Pig City bases its informative historical perspective on nearly 100 interviews with musicians, journalists and authors. It is a valuable history, which captures the development of not just Brisbane’s music scene, but also its political and cultural development. For Stafford “Pig City is the story of how Brisbane grew up”.[9] This is a story largely neglected by other Australian music literature. “Firstly, as a music fan, I wanted to pay tribute to Brisbane’s bands, most of whom I felt had received short shrift in the still-slim literature on Australian music, in which Brisbane’s contribution was treated as a footnote.”[10]

While Pig City is currently Stafford’s only published book, he has also worked as a freelance writer. He has been published in various print media in Australia, including The Age, The Australian, Sydney Morning Herald, Australian Geographic and Rolling Stone Australia.[11] Stafford has also been employed as a university tutor, occasional environmental consultant, and a taxi driver.

Brisbane Politics from the late 1960s to 1980s[edit]

Brisbane in the 1970s and 1980s was often viewed as a cultural backwater, referred to by many journalists as the Deep North.[12] It was seen as lacking “bookshops, political pubs, radio and television network headquarters where Australian intellectuals could be seen and heard”.[13] The history of Queensland politics of this time also shows a long association between the police, the government, and corruption.[14] Much critique of Queensland politics of the 1970s and 1980s focuses on the premiership of Sir Joh Bjelke-Petersen. Bjelke-Petersen held the political office of Premier of Queensland from 1968-1987. He was a conservative politician, a devout Lutheran fundamentalist, and deeply involved in the corrupt government.[15] Culturally, the Brisbane music scene of the same time is viewed as one of its best.[16]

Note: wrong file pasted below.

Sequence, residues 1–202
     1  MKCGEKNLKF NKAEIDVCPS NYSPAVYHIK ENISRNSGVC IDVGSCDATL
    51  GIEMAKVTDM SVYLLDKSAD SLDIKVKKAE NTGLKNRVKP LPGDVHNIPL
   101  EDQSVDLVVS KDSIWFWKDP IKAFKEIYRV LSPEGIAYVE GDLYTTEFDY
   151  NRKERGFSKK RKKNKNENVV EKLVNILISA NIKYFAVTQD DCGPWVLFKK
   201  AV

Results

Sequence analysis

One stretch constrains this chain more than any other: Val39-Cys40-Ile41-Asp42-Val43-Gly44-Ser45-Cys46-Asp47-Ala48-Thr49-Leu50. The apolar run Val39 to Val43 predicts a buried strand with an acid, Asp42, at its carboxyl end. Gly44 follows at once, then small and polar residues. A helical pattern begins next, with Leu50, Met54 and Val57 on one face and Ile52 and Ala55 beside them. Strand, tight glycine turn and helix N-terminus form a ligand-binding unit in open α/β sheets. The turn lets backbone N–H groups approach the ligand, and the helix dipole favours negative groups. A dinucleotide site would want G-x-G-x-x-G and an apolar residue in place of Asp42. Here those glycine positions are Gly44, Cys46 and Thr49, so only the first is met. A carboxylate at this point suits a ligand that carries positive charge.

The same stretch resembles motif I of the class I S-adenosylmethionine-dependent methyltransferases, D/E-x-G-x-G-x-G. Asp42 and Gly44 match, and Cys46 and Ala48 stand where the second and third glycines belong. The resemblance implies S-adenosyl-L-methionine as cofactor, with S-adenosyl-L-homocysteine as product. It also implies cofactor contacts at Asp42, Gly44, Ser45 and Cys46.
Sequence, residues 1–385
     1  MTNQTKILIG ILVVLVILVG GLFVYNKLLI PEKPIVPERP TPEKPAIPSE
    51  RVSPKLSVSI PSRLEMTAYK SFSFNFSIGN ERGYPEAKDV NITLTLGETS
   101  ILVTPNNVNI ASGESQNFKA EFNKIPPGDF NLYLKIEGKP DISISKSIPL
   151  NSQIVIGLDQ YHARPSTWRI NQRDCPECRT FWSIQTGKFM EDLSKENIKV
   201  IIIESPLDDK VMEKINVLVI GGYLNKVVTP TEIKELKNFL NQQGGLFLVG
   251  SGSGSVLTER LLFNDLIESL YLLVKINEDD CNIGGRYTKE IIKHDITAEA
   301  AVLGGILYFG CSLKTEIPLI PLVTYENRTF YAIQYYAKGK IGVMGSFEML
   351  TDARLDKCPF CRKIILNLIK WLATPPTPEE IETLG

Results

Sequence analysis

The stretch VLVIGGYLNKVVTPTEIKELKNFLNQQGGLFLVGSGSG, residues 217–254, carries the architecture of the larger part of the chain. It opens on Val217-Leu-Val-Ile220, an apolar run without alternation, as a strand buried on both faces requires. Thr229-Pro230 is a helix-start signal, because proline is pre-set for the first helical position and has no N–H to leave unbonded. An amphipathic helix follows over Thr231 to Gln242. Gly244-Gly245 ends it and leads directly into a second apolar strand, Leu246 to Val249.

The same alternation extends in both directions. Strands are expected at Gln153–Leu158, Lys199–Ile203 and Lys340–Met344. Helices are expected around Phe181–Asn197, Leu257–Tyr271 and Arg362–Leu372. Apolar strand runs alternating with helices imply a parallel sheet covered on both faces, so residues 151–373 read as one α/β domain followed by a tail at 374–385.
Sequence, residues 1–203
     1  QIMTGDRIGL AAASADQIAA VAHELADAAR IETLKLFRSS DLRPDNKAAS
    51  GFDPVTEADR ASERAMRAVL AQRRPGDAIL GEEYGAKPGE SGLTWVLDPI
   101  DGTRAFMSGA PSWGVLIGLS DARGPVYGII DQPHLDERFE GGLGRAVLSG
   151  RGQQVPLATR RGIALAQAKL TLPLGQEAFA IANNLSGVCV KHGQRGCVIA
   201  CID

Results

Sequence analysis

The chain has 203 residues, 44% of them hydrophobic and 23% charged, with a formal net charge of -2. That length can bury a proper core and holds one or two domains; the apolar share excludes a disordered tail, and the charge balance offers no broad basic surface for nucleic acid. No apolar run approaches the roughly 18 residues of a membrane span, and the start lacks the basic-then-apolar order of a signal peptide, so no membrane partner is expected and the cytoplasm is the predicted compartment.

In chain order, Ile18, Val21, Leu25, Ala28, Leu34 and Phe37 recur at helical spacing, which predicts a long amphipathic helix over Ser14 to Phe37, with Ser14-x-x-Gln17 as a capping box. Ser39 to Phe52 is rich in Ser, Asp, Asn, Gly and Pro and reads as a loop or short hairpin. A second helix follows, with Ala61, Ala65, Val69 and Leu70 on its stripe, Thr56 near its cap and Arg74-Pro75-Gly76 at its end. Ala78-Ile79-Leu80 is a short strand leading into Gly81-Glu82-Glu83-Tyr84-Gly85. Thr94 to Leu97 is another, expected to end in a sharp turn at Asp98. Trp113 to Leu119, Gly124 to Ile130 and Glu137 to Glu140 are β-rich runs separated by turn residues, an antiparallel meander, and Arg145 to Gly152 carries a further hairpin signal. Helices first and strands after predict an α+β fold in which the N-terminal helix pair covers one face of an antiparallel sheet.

In the late 1960s, the New Left movement began in Queensland, activated largely in response to issues arising from the Vietnam War, civil liberties, and conscription.[17] Before the late 1960s, public demonstrations had rarely been used as tools of political action.[18] However, after 1965, they became “a regular feature of Queensland life”.[19] This was despite the fact that under Queensland’s Traffic Act, demonstrators were required to obtain police permits for street marches to be considered legal.[20] Police were able to refuse these permits at any time and without giving any reason.[21]

The demonstrations in 1971 in Brisbane against the Springbok tour, and the aftermath, illustrate the conservative regulation of Queensland under the Bjelke-Petersen premiership. From state to state, the Springbok team were faced with demonstrations in condemnation of South Africa’s apartheid laws.[22] In Brisbane, Bjelke-Petersen “proclaimed a month-long state of emergency…on the pretext of protecting a visiting football team from political dissenters”.[23] The state of emergency saw the suspension of civil liberties and led to police being granted with “extraordinary (and unspecified)” powers.[24]

Demonstrators greeted the Springboks when they arrived in Brisbane on 22 July 1971. Approximately 300 demonstrators were present, and the same number of police.[25] While police assaulted some demonstrators during this first demonstration, it was the demonstration on 24 July that was the most volatile.[26] The number of police had increased to around 500, with country police brought in to add to the numbers.[27] When police commissioner Ray Whitrod gave the order for the police to move forward, intending to move demonstrators from the road, police charged.[28] Demonstrators were forced to move by police who tackled and hit them with batons.[29] Mass arrests of demonstrators also resulted from these demonstrations.[30]